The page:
Classical to ragtime, blues to pop, its time to tinkle the ivories, press the pedals and lift the lid on those string-hitting hammers
The piano aint got no wrong notes, said the free-flowing, flawless Thelonius Monk. Marvin Gaye, however, stared at the 88 keys and was looking for more: These cant be the only notes in the world. Theres got to be others some place, in some dimension, between the cracks on the piano keys. Perhaps thats where his own combinations of notes came in. The pianoforte, whether honky tonk upright or elegant 12ft Steinway, has always offered music on a grand scale, a place to express a full range of emotions. And among the greatest, Frédéric Chopin, in his darkest moments, declared that sometimes I can only groan, and suffer, and pour out my despair at the piano. What virtuoso despair that must have been to witness.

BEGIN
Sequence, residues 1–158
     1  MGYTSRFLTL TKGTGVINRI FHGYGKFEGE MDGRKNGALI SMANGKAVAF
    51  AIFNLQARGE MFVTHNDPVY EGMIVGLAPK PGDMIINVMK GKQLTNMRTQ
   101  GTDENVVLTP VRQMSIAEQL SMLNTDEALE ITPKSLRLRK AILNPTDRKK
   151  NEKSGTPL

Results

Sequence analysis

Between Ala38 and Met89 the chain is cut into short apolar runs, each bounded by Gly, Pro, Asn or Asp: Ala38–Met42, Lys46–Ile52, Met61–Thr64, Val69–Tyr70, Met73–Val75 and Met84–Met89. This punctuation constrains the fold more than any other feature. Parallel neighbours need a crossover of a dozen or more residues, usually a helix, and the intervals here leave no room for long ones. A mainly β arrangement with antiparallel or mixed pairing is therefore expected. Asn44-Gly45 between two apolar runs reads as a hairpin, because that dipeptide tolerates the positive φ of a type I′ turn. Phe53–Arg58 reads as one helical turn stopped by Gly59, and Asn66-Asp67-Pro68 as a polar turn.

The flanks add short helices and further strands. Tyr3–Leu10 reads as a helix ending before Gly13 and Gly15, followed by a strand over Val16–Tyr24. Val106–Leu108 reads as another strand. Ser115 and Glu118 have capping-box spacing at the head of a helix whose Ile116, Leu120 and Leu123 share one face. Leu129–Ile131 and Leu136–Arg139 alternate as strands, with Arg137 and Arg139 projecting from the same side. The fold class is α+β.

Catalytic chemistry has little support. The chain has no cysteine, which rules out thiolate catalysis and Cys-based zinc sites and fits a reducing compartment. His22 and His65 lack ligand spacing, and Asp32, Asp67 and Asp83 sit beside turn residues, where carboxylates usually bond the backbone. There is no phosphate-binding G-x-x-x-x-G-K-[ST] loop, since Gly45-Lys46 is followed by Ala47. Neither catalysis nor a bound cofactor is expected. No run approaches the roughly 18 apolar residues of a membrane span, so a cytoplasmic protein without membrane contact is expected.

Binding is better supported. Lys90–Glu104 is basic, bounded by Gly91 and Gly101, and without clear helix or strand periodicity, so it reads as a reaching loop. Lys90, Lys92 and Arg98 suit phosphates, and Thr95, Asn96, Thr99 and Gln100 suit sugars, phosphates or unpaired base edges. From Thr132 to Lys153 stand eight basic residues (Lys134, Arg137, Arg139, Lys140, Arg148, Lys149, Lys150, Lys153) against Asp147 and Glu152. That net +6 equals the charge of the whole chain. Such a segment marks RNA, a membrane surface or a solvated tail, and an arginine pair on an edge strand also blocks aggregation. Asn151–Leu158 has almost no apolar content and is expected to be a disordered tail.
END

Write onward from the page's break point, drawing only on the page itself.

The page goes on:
Such deep emotions, however, can be reproduced or reinterpreted by others. Here they are reflected in Roman Polanksis Oscar-winning film, The Pianist, based on the autobiography of Polish Holocaust survivor Wladyslaw Szpilman.